name of the employee and his or her social security number, (8) the

name and address of the legal entity that is the employer, and (9)

all applicable hourly rates in effect during the pay period and the

corresponding number of hours worked at each hourly rate by the

employee.

The deductions made from payments of wages shall be recorded in

ink or other indelible form, properly dated, showing the month, day,

and year, and a copy of the statement or a record of the deductions

shall be kept on file by the employer for at least three years at the

place of employment or at a central location within the State of

California.

An employer that is required by this code or any regulation

adopted pursuant to this code to keep the information required by

this section shall afford current and former employees the right to

inspect or copy the records pertaining to that current or former

employee, upon reasonable request to the employer. The employer may

take reasonable steps to assure the identity of a current or former

employee. If the employer provides copies of the records, the actual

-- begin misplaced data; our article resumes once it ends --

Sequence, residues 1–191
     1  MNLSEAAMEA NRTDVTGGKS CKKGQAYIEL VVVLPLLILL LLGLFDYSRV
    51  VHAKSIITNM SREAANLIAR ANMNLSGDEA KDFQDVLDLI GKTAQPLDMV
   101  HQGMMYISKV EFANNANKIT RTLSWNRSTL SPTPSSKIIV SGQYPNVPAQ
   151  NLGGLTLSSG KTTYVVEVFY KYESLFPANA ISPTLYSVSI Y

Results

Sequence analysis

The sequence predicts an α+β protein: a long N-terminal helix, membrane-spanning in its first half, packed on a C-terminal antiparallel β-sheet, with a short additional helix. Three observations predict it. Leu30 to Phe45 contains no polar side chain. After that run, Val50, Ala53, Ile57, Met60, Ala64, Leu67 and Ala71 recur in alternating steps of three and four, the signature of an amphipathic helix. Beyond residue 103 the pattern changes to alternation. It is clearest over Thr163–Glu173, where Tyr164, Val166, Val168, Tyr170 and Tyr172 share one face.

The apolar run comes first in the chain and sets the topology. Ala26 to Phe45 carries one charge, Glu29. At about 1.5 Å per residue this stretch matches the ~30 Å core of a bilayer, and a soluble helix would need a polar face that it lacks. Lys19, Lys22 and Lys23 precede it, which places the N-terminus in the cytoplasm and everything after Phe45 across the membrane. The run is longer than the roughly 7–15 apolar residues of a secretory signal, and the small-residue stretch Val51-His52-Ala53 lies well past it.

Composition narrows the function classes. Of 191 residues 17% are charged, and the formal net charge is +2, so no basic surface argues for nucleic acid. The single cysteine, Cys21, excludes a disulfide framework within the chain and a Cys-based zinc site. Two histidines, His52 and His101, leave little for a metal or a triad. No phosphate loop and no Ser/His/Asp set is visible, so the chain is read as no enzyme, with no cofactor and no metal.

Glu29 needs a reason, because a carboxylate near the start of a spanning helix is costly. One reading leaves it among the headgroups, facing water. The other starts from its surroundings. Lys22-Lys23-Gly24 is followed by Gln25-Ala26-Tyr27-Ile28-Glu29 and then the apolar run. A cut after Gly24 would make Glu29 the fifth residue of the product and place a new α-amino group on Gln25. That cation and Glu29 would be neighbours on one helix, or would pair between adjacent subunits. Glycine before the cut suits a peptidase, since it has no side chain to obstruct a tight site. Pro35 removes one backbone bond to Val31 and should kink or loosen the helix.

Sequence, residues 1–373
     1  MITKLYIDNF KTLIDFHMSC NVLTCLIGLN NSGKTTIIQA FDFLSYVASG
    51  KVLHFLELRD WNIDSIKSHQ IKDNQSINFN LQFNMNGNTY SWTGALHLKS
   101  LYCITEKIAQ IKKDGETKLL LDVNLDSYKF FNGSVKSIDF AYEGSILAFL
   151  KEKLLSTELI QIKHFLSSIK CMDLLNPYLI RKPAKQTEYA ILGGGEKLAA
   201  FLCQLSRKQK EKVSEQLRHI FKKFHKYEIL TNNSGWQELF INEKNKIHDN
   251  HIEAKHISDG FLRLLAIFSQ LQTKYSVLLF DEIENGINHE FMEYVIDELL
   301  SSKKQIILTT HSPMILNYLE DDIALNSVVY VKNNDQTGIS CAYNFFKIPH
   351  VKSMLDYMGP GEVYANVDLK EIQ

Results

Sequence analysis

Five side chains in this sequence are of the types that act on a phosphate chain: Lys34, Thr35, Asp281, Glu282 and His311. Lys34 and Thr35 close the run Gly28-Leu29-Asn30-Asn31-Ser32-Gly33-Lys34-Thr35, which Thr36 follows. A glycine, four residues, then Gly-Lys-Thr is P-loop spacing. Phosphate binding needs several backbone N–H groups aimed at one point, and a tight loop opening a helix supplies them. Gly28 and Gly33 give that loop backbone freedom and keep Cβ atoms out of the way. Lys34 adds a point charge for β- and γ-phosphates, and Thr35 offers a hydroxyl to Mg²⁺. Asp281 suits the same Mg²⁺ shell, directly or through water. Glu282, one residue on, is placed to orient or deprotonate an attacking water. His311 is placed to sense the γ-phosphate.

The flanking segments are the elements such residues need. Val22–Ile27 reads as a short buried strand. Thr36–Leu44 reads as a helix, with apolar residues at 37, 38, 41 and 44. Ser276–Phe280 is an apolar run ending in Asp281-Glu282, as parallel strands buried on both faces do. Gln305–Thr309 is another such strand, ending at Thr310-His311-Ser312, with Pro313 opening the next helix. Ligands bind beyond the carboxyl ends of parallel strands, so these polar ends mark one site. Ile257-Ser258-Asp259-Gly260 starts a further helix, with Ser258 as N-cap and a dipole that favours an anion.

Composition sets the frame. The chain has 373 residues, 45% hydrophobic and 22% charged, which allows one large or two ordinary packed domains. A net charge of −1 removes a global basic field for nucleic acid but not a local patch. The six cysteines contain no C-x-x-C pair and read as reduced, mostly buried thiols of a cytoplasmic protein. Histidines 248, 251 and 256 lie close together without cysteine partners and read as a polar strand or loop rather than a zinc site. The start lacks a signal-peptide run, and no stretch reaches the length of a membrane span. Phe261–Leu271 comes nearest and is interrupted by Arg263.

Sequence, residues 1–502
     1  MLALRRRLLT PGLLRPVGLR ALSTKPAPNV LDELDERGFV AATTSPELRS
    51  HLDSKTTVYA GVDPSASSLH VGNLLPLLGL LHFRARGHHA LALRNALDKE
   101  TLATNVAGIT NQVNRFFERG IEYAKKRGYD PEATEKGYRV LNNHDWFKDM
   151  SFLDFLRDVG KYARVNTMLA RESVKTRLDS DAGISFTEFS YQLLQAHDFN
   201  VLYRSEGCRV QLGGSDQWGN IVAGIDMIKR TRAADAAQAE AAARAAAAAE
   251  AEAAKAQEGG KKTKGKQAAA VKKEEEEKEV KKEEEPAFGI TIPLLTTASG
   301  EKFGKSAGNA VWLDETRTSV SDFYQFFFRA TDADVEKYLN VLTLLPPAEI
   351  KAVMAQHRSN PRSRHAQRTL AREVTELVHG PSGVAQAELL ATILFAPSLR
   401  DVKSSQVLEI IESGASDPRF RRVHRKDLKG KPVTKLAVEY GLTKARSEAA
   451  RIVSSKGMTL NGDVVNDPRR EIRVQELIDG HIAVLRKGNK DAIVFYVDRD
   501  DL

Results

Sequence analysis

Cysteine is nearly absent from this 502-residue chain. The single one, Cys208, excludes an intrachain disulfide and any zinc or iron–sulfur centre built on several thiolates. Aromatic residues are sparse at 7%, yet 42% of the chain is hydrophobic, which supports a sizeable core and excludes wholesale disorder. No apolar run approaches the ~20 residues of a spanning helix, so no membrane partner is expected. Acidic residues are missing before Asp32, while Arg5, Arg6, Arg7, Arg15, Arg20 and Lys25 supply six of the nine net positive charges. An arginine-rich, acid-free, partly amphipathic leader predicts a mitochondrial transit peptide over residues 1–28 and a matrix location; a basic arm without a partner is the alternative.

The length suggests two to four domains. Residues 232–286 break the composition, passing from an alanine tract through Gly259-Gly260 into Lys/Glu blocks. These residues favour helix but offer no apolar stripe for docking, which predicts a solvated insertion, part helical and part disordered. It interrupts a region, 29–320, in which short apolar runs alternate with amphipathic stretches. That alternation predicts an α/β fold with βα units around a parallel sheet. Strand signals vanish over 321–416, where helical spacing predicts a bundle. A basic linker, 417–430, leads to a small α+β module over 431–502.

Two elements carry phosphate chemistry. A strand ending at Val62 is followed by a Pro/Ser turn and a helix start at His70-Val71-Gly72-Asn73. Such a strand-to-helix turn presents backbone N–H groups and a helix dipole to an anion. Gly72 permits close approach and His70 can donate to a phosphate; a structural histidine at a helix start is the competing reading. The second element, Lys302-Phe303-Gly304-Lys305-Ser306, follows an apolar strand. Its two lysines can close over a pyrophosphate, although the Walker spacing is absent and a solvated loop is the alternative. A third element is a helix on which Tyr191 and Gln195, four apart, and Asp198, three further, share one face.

cost of reproduction may be charged to the current or former

employee.

This section does not apply to any employer of any person employed

by the owner or occupant of a residential dwelling whose duties are

incidental to the ownership, maintenance, or use of the dwelling,

including the care and supervision of children, or whose duties are

personal and not in the course of the trade, business, profession, or

occupation of the owner or occupant.

(b) Any employee suffering injury as a result of a knowing and

intentional failure by an employer to comply with subdivision (a)

shall be entitled to recover the greater of all actual damages or

fifty dollars ($50) for the initial pay period in which a violation

occurs and one hundred dollars ($100) per employee for each violation

in a subsequent pay period, not exceeding an aggregate penalty of

four thousand dollars ($4,000), and shall be entitled to an award of

costs and reasonable attorney's fees.

(c) This section does not apply to the state, or any city, county,

city and county, district, or any other governmental entity.

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Section 1194 - Penalties for not paying minimum wage or overtime.